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Article
March 1992

Why SOAP Is Bad for the Medical Record

Author Affiliations

Medical Service Department of Veterans Affairs Edward Hines, Jr, Hospital Hines, IL 60141 and Department of Medicine Loyola University of Chicago Stritch School of Medicine Maywood, Ill; Department of Medicine University of Illinois at Chicago 840 S Wood St Chicago, Ill

Arch Intern Med. 1992;152(3):481-484. doi:10.1001/archinte.1992.00400150015004
Abstract

Twenty-some years ago, Weed,1,2 Bjorn and Cross,3 and Hurst and Walker4 sought to revolutionize patient care, medical education, and clinical investigation with a new system of medical record keeping, the problem-oriented medical record (POMR). The revolution was more successful than most. Some of Weed's major reforms, those concerned with "problems" and "problem lists," endure throughout the United States. Unfortunately, the POMR also brought us SOAP.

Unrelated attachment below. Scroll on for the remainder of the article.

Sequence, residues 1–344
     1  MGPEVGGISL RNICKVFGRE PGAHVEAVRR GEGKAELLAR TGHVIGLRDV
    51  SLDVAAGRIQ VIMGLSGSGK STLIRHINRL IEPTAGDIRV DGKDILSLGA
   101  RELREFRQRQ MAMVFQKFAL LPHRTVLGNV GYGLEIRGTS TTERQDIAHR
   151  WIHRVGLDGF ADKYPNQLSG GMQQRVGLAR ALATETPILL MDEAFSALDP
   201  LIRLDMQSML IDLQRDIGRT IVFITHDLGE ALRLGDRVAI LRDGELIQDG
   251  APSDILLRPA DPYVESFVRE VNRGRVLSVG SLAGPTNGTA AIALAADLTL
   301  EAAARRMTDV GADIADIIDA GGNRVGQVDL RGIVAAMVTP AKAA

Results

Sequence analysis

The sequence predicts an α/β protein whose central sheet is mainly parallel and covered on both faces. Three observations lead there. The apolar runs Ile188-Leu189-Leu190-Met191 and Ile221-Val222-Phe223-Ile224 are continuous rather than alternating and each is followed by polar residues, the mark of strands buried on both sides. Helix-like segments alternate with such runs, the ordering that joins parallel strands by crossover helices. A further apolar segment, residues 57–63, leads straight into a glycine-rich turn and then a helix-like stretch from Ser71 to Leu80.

SOAP, of course, is the acronym derived from the POMR's recipe for an initial note or a progress note about a problem: (1) subjective, (2) objective, (3) assessment, and (4) plans. Embedded in SOAP, therefore, is the important idea that clinical "data" (to use POMR lingo) are either subjective or objective.

THE CATEGORIES SUBJECTIVE AND OBJECTIVE  Weed said that he introduced the categories subjective and objective in order to distinguish one important source of clinical information (the patient) from other sources (the

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